October 28, 2020

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Do You Have the Right Skills to Become a Nurse Practitioner?

News,

Monday 21 September 2020

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Nurses
are in high demand at the moment and the Bureau of Labor Statistics predicts
demand for nurses to grow almost 10% over the coming years and that’s not even
considering nursing specializations that are growing at a faster rate. Though
some nursing specialties are growing even faster. For example, demand for family
nurse practitioners will rise roughly 25% in the same period. The question is:
do you have the right skills to become a nurse practitioner? Let’s take a look
at some of the main skills and aptitudes you’ll need to succeed in the field.

Communication Skills

Nurses at
all levels must have excellent verbal and written communication skills. You
must be able to understand a doctor or medical specialist’s orders and
communicate this to patients. Everyone from staff to patient’s caregivers must
understand the content of your message and all of this needs to be done with
compassion and tact.

There are
also times when you might have to deliver difficult news either to patients or
their families. You need to be great at vulgarization so you can explain
complex conditions and treatments to people of all ages. You also have to
communicate in a way that is reassuring, yet realistic.

However,
listening skills are just as important in this field. You get to spend a lot of
time with patients, even more than doctors. They may tell you things that the
doctor needs to know and that could be essential for treatment or diagnostics.

It is
also part of your job to advocate for the patient. You will need to ensure that
they get the care they need and understand how to take care of themselves. You
must also be able to communicate and collaborate effectively with a patient’s
caregiver if you want to minimize the odds of them returning to the hospital.

Compassion

Nurses
get in the field with the first goal of helping the sick and injured. You’ll
need to have the compassion needed to give them the best care possible.
However, there also needs to be a balance or the emotional load might become
too much for you. You should have empathy for their pain and condition without
internalizing it. You must understand their suffering while seeking to
alleviate it.

This is
why this might not be a great job for overly sensitive people. Depending on
where you’re working, you might have to deal with losses every day, and you
need to be able to separate yourself from your work. So, if you thought that
nursing would be the perfect position for you because of your caring heart, you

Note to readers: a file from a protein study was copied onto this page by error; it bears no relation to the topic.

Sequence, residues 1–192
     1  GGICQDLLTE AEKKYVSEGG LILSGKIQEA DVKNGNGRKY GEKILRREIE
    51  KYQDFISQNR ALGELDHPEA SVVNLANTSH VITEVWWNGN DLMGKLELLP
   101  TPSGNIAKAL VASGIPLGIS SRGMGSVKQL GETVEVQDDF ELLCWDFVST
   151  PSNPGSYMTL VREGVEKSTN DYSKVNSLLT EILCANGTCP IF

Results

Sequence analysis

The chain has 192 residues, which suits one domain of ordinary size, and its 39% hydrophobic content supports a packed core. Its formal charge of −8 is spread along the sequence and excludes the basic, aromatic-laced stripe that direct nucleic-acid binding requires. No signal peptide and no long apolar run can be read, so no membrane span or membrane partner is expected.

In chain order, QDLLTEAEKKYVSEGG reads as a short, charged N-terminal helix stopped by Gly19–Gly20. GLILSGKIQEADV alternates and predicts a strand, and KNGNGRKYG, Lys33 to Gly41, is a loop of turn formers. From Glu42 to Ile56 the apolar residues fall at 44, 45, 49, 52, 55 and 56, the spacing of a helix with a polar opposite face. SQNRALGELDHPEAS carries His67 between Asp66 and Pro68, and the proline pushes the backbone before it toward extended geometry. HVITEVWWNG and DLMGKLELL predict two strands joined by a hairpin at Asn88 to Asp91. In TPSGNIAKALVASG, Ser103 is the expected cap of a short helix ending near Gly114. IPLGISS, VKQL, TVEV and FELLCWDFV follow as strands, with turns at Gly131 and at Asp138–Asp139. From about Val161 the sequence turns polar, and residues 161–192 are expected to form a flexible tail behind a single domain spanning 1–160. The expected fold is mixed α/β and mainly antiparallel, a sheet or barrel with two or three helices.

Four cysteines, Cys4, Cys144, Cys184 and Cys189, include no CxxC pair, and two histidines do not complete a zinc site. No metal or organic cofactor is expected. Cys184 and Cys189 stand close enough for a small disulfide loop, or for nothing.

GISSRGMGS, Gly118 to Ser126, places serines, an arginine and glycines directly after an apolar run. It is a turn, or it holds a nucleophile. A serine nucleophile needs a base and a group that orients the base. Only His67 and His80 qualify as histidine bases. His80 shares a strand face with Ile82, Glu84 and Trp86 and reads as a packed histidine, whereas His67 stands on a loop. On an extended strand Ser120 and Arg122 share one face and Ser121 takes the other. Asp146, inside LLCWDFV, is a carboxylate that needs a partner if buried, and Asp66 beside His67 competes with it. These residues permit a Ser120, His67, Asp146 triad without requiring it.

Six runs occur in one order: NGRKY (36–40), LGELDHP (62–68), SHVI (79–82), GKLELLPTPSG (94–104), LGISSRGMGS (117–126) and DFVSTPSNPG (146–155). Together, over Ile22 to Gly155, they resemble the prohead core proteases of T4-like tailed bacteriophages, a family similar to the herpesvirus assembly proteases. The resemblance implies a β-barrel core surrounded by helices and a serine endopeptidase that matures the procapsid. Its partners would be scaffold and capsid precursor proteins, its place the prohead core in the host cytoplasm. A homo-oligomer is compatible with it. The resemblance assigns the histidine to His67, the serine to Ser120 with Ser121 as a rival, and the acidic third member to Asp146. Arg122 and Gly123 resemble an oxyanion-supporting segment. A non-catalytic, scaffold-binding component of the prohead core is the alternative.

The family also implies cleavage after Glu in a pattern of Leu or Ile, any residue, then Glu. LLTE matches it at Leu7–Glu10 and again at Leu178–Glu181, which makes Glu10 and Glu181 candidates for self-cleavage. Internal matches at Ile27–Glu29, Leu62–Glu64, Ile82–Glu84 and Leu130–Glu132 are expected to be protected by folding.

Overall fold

need to also know if you have the mental fortitude needed to deal with tragedy
consistently.

Not only
that, but you might have to console patients and their families, and this is
the last moment they want to see the despair in your eyes. You will need to be
able to muster the strength necessary to lift them and show them the brighter
side. This is why you need to evaluate how much you can handle before you
assume you’re the right fit for the job.

Collaborative Skills

While
nurse practitioners may run their practice, they rarely work alone. There may
be nurses and physician assistants working for you, whether you work with a
doctor or other NPs in a clinic. Expect to work with hospital staff and
specialists to provide quality healthcare to your patients.

This is
why you need to see yourself as part of a team, though you’re an invaluable
team member. This is why many nursing programs will ask candidates about their
willingness to work with others and how they’ve worked in a group to solve
problems. You also have to be prepared to work with people from different
departments, from foodservice to maintenance, and have a cordial relationship
with them if you want things to get done.

Clinical Skills

Clinical
skills are essential if you’re going to work in today’s healthcare field.
Nurses who are well-formed in the latest procedures and can demonstrate it will
always be able to find a job in this industry. This is especially important in
fields like family nursing, for instance.

Fortunately,
there are several programs available to teach you what you need to know.  Check out this piece by Marymount on how to become a family nurse practitioner. It
explains the process of becoming a family nurse practitioner from earning a